Six four / Hideo Yokoyama ; translated from the Japanese by Jonathan Lloyd-Davies.

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  • Additional Information
    • Publication Information:
      First American edition.
    • Abstract:
      Summary: "The nightmare no parent could endure. The case no detective could solve. The twist no reader could predict. For five days in January 1989, the parents of a seven-year-old Tokyo schoolgirl sat and listened to the demands of their daughter's kidnapper. They would never learn his identity. They would never see their daughter again. For the fourteen years that followed, the Japanese public listened to the police's apologies. They would never forget the botched investigation that became known as Six Four. They would never forgive the authorities for their failure. For one week in late 2002, the press officer attached to the police department in question confronted an anomaly in the case. He could never imagine what he would uncover. He would never have looked if he'd known what he would find. "-- Provided by publisher.
    • Notes:
      "Originally published in Japanese in 2012 by Bungeishunju, Tokyo, as Rokuyon (64)"--Title page verso.
      "English translation originally published in 2016 by Quercus Publishing Ltd., Great Britain"--Title page verso.
    • Other Titles:
      6 4.
      Rokuyon. English
    • ISBN:
    • Accession Number:
    • Accession Number:
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Booklist Reviews 2016 November #1

This is Yokoyama's sixth novel, the first to be published in English. Yokoyama, the "James Ellroy of Tokyo," is known for an exhaustive and relentless work ethic. He once brought on a heart attack by working nonstop for 72 hours. This intense drive is reflected in his extremely detailed style and carefully wrought characters. Six Four succeeds on several levels: as a police procedural, an incisive character study, and a cold-case mystery. However, this takes almost 600 pages to accomplish. A seven-year-old Tokyo schoolgirl was kidnapped in 1989, the kidnapper never identified, the girl never found. For years the police felt the disgrace of their botched investigation of case Six Four. Eager for promotion, Superintendent Yoshinobu Mikami has taken on a press-director position, although his heart is still in criminal investigation. When he uncovers an anomaly in the crime reports, he digs deeper, and it doesn't take long for him to realize that some doors are locked up tight for good reason. Recommended for libraries with a devoted international mystery following. Copyright 2016 Booklist Reviews.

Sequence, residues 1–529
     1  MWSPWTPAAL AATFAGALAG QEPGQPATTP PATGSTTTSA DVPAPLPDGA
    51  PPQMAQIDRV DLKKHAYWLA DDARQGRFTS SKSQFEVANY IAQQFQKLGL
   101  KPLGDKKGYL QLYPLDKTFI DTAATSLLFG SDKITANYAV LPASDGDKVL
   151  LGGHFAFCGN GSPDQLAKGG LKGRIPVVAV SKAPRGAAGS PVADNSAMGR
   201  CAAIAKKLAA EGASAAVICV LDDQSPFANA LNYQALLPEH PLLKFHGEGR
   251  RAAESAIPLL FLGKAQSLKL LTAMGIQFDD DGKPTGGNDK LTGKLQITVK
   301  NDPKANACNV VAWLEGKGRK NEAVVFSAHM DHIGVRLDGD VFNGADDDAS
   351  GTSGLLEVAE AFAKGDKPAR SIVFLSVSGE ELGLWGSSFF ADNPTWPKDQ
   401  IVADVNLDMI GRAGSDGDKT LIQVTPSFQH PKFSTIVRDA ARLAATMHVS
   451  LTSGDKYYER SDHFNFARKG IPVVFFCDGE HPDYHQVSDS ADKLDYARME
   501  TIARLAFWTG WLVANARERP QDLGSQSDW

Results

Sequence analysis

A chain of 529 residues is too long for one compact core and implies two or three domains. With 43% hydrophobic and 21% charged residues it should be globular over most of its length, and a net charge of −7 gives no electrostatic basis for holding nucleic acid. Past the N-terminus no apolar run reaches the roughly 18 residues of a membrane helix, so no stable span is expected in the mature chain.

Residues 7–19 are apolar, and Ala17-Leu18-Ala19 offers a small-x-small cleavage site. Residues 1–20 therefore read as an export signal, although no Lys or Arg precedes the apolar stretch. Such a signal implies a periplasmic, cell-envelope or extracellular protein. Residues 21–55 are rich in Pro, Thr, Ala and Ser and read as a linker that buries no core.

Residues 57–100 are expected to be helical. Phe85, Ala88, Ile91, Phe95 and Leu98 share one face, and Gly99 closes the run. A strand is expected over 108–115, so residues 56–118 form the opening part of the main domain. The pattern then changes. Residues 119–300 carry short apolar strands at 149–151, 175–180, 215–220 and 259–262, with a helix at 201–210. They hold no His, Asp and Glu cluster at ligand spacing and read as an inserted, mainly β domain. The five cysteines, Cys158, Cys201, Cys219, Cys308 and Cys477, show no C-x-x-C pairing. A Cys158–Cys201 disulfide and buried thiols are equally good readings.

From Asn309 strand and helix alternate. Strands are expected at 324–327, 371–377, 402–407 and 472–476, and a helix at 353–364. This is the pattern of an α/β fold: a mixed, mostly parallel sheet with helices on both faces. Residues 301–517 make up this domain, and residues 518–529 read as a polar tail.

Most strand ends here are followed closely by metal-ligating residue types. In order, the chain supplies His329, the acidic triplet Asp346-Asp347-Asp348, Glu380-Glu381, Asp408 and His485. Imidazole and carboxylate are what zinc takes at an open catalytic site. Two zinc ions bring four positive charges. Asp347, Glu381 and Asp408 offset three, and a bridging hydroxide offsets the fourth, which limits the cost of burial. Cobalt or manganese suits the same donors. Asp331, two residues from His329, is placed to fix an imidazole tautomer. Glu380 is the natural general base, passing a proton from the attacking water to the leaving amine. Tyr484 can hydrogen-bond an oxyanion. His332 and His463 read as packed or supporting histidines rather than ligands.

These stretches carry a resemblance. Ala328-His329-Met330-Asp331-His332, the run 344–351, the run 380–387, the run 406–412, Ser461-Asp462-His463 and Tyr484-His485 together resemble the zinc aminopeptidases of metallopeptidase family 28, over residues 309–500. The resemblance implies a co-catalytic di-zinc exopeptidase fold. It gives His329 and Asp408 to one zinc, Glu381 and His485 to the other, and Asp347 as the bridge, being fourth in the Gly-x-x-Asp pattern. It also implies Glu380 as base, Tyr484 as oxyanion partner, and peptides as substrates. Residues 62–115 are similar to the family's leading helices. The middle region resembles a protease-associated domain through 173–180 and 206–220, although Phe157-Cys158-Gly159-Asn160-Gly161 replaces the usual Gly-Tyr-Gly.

LJ Reviews 2016 September #2

A press officer with the Tokyo police looks into a notoriously botched kidnapping case dating from 1989, and what he finally discovers really twists the story around. Yokoyama's English-language debut is short-listed for the Crime Writers' Association International Dagger.. Copyright 2016 Library Journal.

PW Reviews 2016 December #1

Japanese author Yokoyama makes his U.S. debut with a massive and complex police procedural set in 2003 in one of Japan's prefectures. Supt. Yoshinobu Mikami, who has been transferred from criminal investigations to media relations at Prefecture D Police Headquarters, must contend with unhappy members of the press who feel that the police are too selective in what they choose to share. The multilayered plot involves the unsolved kidnapping and murder of a seven-year-old girl 14 years before, physical confrontations between reporters and police, and the discordant relationships among various elements of the police force. Meanwhile, Mikami agonizes over his teenage daughter, Ayumi, who has been missing for weeks. American readers may have trouble following the bewildering conflicts and alliances, but they should gain a better understanding of a very different culture. This is a novel that requires and rewards close attention. The ending is oddly satisfying, though none of the underlying issues are truly resolved. (Feb.) Copyright 2016 Publisher Weekly.